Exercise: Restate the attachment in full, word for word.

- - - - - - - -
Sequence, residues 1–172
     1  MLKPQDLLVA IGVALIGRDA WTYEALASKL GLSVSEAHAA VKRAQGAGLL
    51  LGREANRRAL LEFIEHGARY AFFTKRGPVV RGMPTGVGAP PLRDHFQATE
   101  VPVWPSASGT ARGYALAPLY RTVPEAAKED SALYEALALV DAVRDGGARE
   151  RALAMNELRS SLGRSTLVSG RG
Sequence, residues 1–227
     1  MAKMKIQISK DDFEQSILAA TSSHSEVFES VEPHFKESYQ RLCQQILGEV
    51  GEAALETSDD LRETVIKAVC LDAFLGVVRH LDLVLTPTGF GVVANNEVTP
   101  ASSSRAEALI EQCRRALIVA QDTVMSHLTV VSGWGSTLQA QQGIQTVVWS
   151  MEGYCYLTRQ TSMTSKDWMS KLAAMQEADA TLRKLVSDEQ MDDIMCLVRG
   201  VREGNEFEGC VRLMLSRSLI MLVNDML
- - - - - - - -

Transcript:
Sequence, residues 1–172
     1  MLKPQDLLVA IGVALIGRDA WTYEALASKL GLSVSEAHAA VKRAQGAGLL
    51  LGREANRRAL LEFIEHGARY AFFTKRGPVV RGMPTGVGAP PLRDHFQATE
   101  VPVWPSASGT ARGYALAPLY RTVPEAAKED SALYEALALV DAVRDGGARE
   151  RALAMNELRS SLGRSTLVSG RG
Sequence, residues 1–227
     1  MAKMKIQISK DDFEQSILAA TSSHSEVFES VEPHFKESYQ RLCQQILGEV
    51  GEAALETSDD LRETVIKAVC LDAFLGVVRH LDLVLTPTGF GVVANNEVTP
   101  ASSSRAEALI EQCRRALIVA QDTVMSHLTV VSGWGSTLQA QQGIQTVVWS
   151  MEGYCYLTRQ TSMTSKDWMS KLAAMQEADA TLRKLVSDEQ MDDIMCLVRG
   201  VREGNEFEGC VRLMLSRSLI MLVNDML